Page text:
The Set Fee vs. Commission Debate

Well, the great debate is just a couple of weeks away! On April 25, Help-U-Sell broker, Dan Desmond, of Forked River, New Jersey will take on Scott Einbinder, an industry veteran and speaker in a verbal joust about which model (set fee or percentage based commission) is best for consumers. The event takes place at the Tom’s River Clarion and the $10 tickets (proceeds will be donated to Habitat for Humanity) have sold out.

Dan, I am so proud of you! You were so persistent, consistent and correct in your pronouncements that you caused this ‘Debate’ to arise. I know you will represent all of us well. The buzz is already in your favor – as it should be. After all, you are defending what most everyone agrees will be the future of real estate. The other side is defending the status quo – which we already know consumers don’t like.

In fact, it’s hardly a fair contest. It’s already over. The decision has already been made. Percentage based commissions in real estate sales are stupid and the public hates and/or doesn’t understand them. Set Fee pricing is logical and accomplishes the same result as percentage based commissions with much less cost to the consumer. If you took 100 potential sellers and lined them up, gave them an overview of each of the two models and asked them to choose, I bet 95 would choose the Set Fee. The debate has already been decided in the court of public opinion.

One of the arguments percentage based guys always use (and one you may hear on the 25th, Dan) is that, with percentage based commissions, the agent has an incentive to get the seller more money because when the sales price is higher, the sales commission is also higher. Let’s debunk that, shall we?

Let’s imagine that we have a $300,000 home listed for sale with a seller who has agreed to pay, say, 6% of the final sales price as commission. Let’s assume a buyer comes along and offers $280,000. If the seller takes the offer, s/he will pay $16,800 in commission. Let’s say the agent, wanting to get as much out of the deal as possible, waves his/her magic real estate stick over the buyer and convinces him to pay $10,000 more: $290,000. Now the seller will pay $17,400 – just $600 more in commission – not that much money. Now consider the likely possibility that the buyer is working with another agent from another office. Now that $600 has to be split in half. The listing office’s portion is just $300. And of course, the agent doesn’t get all of that. Let’s assume s/he’s on a 70% split. That $10,000 more the agent ‘got’ the seller is worth a grand total of $210 to the agent.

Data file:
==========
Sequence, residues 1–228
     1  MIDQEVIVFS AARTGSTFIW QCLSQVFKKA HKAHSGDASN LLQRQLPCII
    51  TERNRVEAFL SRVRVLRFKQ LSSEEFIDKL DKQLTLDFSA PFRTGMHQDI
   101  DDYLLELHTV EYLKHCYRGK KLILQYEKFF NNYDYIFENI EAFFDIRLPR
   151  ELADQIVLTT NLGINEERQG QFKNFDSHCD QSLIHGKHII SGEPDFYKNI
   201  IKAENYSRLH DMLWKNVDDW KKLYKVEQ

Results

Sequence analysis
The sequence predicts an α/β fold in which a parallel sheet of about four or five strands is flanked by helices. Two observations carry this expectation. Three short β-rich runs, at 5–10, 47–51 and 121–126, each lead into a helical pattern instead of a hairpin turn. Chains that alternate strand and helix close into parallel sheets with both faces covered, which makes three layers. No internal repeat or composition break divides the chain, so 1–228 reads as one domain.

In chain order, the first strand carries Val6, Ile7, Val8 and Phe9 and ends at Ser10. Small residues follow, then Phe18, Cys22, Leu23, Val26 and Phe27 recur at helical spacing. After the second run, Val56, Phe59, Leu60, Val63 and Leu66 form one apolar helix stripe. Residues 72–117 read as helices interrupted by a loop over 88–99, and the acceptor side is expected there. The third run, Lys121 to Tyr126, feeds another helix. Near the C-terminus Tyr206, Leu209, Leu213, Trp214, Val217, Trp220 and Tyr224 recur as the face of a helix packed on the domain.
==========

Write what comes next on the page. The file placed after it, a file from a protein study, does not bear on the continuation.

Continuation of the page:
Come on. Who are we trying to kid with this kind of logic?

Truth is, an agent in a $300,000 marketplace on a 70% split with an office that charges, say, 6% commission will probably need to sell about 13 homes in a year to make $100,000. That’s assuming their sales are a mixture of one sided and two sided deals, with the bulk being one sided. If this agent works a 40 hour week (and most don’t), that’s about $50 an hour. So getting the seller and additional $10,000 is only worth about 4 hours of the agent’s time, 4 hours that could be spent making a 14th sale for the year.

Unfortunately, consumers take the myth that the agent who has a percentage based interest in their transaction will get them more money to mean: ‘If I pay a lofty percentage based commission, my agent will get me MORE than market value for my home…’ and we all know how ludicrous that is!

So, Dan, when you hear this spin-doctored nonsense about percentage based commissions motivating agents to work harder, meet it head on. Pull out the chalk and do an example. Show everyone how little $10,000 more in sales price means in the agent’s pocket.

And by the way, it’s been my experience that most agents, whether commission or set fee based, will work very hard to help their clients – whether buyer or seller – achieve their objectives regardless of what happens to the commission. That’s certainly one of the characteristics that separates the really good guys from the really bad.

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